"Ballistic: Ecks vs. Sever" sure sounds like a title borrowed from a video game or comic book (and in fact it is a video game, contrary to what I originally wrote here). Nintendo junkies might have better luck with the story than I did: All I could really make out is that Banderas plays Ecks as a cheerful caricature of the wounded noir hero, smoking and drinking in a dark tavern to soothe the wounds left behind by his dead wife (Talisa Soto). Except that wifey may not be dead after all but hooked up with some sinister double-agent type named Gant (Gregg Henry), who's smuggling some super-secret microscopic death gizmo into the country in the most evil way possible.

With his WASPy Mount Rushmore head virtually reeking of mendacity, corruption and a Yale education, Henry provides the most amusing of this movie's overstylized performances. Plus he has a perfectly lovely home overlooking the water: West Coast casual meets Japanese formal. Kaos and his production team do make pretty good use of Vancouver, which is quite an attractive city when it isn't exploding.

Liu's long, lean form is on screen a lot, but she's pretty much just her own stunt double; I'd be surprised if she has 60 seconds of dialogue in the whole picture. (Mind you, the screenplay by Peter M. Lenkov and Alan B. McElroy would probably fit on a matchbook, in the spaces around that pirate from the art-by-mail school.)

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Whoever Sever is -- a Chinese orphan girl trained to kill, kill, kill? A "disaffected" DIA agent? -- she's pissed at the world and seeking revenge for unknown offenses. Sever does meet up with Ecks, but the two only do battle in two scenes before they team up against the bad guy. Clearly "Ecks and Sever Blow Up Boxcars and Kick Everybody's Ass" was way too long for theater marquees.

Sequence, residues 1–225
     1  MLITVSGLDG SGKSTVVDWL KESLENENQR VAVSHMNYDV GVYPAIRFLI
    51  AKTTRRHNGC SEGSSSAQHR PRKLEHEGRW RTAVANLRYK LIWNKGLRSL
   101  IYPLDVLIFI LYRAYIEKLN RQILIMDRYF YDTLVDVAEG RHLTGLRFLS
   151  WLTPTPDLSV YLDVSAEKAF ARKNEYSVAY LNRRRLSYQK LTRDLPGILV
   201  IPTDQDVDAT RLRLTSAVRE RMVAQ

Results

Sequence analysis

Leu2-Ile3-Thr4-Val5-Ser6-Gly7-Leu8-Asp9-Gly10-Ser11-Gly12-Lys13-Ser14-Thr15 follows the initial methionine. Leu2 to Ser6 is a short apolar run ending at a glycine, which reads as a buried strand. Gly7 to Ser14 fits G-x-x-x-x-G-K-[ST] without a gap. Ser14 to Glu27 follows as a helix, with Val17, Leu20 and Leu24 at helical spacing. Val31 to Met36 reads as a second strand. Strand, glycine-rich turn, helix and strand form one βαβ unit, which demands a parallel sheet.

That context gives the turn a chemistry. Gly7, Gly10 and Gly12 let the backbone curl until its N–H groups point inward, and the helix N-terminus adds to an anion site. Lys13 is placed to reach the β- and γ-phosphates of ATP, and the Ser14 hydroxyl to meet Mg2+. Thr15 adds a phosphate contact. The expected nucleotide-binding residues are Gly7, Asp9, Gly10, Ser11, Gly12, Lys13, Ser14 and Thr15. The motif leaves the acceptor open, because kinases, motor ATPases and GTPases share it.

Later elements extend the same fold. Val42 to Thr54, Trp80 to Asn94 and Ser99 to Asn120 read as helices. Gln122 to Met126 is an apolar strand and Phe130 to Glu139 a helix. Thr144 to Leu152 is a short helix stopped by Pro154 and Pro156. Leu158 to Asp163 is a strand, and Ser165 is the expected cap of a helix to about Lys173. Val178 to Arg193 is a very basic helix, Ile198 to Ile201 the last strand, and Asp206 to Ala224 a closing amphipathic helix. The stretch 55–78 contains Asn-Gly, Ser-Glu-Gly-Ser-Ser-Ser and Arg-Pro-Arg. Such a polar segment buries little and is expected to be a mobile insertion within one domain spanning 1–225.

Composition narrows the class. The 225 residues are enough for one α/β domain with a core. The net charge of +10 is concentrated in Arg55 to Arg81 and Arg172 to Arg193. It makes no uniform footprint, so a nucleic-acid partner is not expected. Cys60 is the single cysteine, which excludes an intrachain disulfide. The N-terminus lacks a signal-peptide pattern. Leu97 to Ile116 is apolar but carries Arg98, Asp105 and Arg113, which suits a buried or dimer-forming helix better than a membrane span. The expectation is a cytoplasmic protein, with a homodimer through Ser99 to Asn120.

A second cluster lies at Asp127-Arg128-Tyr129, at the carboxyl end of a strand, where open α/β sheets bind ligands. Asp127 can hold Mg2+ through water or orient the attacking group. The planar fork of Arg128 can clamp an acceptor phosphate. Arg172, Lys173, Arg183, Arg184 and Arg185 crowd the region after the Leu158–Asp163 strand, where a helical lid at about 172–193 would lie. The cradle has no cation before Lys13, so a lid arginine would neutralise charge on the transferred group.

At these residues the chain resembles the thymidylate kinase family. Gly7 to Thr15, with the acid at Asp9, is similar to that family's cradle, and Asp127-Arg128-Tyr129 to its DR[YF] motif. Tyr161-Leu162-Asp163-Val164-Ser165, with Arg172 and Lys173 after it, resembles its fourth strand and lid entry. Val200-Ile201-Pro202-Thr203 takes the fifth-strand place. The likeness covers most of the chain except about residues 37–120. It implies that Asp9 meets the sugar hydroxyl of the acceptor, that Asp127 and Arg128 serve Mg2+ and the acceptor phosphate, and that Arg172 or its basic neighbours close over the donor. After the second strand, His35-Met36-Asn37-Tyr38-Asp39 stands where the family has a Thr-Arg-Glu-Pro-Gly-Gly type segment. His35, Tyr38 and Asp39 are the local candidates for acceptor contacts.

Kaos, the screenwriters and the actors occasionally seem to forget even the tiny handful of plot points that have been established, such as the names of the characters. Looking at the pile of pills Ecks inhales, a fellow agent, who presumably knows him, quips, "Is that why they call you Ecks?" Um, no -- Ecks is his name. (Although the question of whether his first name is Jeremy or Jeremiah depends on who's talking to him.)

No one involved with "Ballistic" is any too clear on the United States of America and its boundaries, either. What's with the smirking federal agent boasting an East End Cockney accent (played by Ray Park of "X-Men")? Is the CIA recruiting thugs off third-division English soccer teams? And how come all these high-ranking American spooks are bustin' heads and takin' names in Vancouver, anyway? I know Canada is kind of like the 51st state, but at least in the narrow, legalistic sense it isn't American soil.

All these complaints are irrelevant, of course. As far as random useless action movies go, I've seen worse. "Ballistic" will undoubtedly do decent business for a few weeks. But to compare a director like Kaos to Hong Kong action kings like John Woo or Tsui Hark ("Once Upon a Time in China" and the "Swordsman" series), who always believe in their story and characters no matter how outlandish they may be, is like comparing the director of "Leprechaun in the Hood" to Hitchcock. (Hey, they both made English-language thrillers.) Just because a guy is Asian and likes to blow up boxcars doesn't make him a cinema revolutionary. This too, like other stupid Hollywood trends, shall pass.

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Andrew O'Hehir

Andrew O'Hehir is executive editor of Salon.